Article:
John Harbaugh is an NFL coach, which means his gameday attire is about what you'd expect to see on a private golf course: Comfortable shoes. Light, dressy pants. A polo shirt when it's warm out, a sweater when the temperature drops.
Over his nine seasons in Baltimore, he's coached the Ravens in 145 games, including the playoffs. By now, we know what to expect from Harbaugh on the sideline. It can seem as predictable as an early pass to Kyle Juszczyk.
Sweaters have long dominated his typical Sunday wardrobe: A historical analysis, based on gameday photos, reveals that more than half of Harbaugh's tops as Ravens coach have been fleeces, long-sleeve T-shirts, sweaters or windbreakers. Falls and winters in Baltimore and AFC North cities are indeed cold.
Polos are a respectable second, followed by down jackets, polos over a long-sleeve shirt, and hooded sweatshirts. Each has been worn at least three times. (Yes, I counted, what of it?)
On Sunday, in an otherwise unremarkable game against the Cleveland Browns, John Harbaugh wore a paradigm shift. John Harbaugh wore ... a T-shirt.
Never has 100 percent cotton been so 100 percent surprising.
Bill Belichick has his cut-off hoodies. Rex Ryan has his vests. Andy Reid has his Hawaiian shirts. Mike Nolan had his Reebok suits. Bum Phillips had his cowboy hats. But can you remember a head coach rocking a short-sleeve, collar-free, nonsmock top (sorry, Hue Jackson) — without an undershirt — on gameday before Sunday?
Todd Haley would wear a T-shirt with the Kansas City Chiefs. But, in an apparent tribute to my elementary-school days, he'd wear it over long sleeves.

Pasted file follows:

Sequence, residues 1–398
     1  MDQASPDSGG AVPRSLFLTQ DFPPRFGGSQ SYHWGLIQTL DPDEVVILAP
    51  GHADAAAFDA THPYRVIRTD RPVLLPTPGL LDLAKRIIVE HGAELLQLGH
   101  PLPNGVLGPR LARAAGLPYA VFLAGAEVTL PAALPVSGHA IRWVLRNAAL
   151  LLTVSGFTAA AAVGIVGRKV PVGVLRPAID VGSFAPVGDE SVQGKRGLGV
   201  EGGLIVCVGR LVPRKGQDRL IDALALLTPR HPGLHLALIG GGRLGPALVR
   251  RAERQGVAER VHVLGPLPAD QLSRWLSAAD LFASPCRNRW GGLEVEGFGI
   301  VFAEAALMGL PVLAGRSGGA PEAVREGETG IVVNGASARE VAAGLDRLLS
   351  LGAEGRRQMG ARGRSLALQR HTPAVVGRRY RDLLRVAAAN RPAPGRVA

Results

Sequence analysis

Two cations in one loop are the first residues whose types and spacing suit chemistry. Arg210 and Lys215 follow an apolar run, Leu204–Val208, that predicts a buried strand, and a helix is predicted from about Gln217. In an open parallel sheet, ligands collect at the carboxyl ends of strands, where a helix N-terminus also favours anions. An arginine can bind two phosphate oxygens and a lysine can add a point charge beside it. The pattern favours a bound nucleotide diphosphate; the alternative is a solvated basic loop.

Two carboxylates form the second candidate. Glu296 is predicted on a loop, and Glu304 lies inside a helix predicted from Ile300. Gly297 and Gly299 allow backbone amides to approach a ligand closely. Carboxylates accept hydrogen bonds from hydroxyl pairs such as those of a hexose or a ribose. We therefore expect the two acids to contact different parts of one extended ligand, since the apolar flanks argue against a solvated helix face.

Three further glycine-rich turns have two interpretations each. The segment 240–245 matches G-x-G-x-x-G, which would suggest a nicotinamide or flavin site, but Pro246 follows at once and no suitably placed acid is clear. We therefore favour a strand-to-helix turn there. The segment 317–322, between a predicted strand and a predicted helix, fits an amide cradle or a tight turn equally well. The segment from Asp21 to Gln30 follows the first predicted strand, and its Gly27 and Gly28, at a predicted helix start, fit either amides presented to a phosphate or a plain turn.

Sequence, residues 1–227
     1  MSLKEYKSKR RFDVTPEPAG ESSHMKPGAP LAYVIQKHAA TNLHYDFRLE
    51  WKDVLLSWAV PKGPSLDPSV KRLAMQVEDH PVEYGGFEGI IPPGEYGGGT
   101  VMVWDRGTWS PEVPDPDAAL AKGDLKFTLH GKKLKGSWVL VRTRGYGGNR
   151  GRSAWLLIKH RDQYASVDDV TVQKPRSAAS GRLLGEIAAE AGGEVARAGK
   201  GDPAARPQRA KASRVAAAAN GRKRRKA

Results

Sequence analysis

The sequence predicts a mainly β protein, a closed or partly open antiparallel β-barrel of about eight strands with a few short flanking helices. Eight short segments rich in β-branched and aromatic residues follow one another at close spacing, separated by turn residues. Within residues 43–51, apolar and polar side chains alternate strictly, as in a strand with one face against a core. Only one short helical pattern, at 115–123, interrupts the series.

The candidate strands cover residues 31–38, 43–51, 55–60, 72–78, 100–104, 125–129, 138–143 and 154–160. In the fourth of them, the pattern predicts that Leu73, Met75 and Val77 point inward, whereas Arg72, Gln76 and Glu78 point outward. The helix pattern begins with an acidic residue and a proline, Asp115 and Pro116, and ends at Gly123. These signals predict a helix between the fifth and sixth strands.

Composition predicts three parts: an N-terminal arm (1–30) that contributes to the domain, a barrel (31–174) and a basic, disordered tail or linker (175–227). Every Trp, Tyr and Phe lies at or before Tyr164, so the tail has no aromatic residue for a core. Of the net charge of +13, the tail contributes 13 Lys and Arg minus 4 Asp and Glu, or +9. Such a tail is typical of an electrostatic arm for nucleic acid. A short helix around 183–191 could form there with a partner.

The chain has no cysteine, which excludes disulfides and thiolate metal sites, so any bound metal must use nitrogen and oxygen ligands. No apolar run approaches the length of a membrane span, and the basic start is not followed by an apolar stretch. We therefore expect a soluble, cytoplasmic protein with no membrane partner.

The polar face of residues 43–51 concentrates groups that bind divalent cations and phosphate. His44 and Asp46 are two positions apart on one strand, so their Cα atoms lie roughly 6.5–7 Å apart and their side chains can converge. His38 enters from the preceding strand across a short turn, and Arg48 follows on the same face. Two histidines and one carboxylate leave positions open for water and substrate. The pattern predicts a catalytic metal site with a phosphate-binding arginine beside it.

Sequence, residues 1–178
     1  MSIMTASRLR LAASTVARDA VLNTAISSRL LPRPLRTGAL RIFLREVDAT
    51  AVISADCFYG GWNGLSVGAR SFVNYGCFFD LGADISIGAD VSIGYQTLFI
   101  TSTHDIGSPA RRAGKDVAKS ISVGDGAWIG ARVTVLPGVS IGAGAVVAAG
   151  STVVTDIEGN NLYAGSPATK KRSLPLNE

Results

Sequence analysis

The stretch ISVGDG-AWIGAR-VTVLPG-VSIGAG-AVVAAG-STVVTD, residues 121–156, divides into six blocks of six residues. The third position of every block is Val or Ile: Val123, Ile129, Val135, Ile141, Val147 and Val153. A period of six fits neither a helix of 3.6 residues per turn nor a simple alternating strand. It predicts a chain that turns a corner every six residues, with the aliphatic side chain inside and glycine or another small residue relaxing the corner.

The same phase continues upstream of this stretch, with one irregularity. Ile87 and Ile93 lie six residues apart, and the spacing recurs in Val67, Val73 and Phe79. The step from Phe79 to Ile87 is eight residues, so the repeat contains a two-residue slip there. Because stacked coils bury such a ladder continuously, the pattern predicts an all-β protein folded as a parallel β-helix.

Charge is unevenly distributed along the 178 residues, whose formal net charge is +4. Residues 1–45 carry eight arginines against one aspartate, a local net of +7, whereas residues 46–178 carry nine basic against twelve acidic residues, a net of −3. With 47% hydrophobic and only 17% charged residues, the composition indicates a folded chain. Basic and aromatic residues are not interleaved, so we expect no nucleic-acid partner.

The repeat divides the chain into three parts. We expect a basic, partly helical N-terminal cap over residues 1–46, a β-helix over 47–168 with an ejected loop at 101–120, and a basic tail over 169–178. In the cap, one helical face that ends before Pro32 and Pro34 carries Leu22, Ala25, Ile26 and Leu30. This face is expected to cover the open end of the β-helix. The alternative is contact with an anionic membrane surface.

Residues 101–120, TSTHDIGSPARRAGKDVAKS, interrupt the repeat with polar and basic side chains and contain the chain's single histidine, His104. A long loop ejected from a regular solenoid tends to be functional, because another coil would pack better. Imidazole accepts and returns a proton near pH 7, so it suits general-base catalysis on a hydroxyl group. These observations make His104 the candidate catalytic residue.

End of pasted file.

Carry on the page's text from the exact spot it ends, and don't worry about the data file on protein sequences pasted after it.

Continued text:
Raheem Morris couldn't fully commit to freeing the forearms, either, with the Tampa Bay Buccaneers.
Both began their head coaching stints in 2009. Neither lasted past the 2011 season. Just saying.
"I like that T-shirt; it had a good feel to it," he said Monday. "You know, just a changeup? Just a changeup, trying to be cool. A lot of these guys, you see these NFL coaches, these guys on the sideline, they're wearing their cool stuff, and I felt like I wasn't cool enough with my golf shirt out there, so I wanted to freshen it up a little bit."
Harbaugh wore a white polo in Week 1 against the Buffalo Bills, but he did not stand out from the pack. The "coolest" it got in a 2016 season opener, depending on your definition of cool, was Mike Tomlin (long sleeves and dangling crucifix) or Bruce Arians (short-sleeve windshirt).
So either it was laundry day at the Harbaugh household or he's at the vanguard of a style movement.
"Seemingly casual and carefree in a T-shirt, Harbaugh is actually rocking a major fall trend — athleisure," Anisha Bhasin Mukherjee, co-host of Sports Illustrated's Sports Style Swipe and co-founder of fashion website and app Dress for the Day, wrote in an email.
"The T-shirt and sneaker combo is the new button-down and oxford, and the trend is here to stay! Plus, NFL players take enough style risk off the field, more so than ever before, so it's a nice balance for the coaches [to] keep fashion at a minimum."
Harbaugh already has won a Super Bowl. It's time he leaves a sartorial mark on the league. His trailblazing started Sunday in Cleveland. It can continue in Jacksonville, predictions for scattered thunderstorms be damned. Leave the polo; take the T-shirt. Be the Cool Dad of the NFL.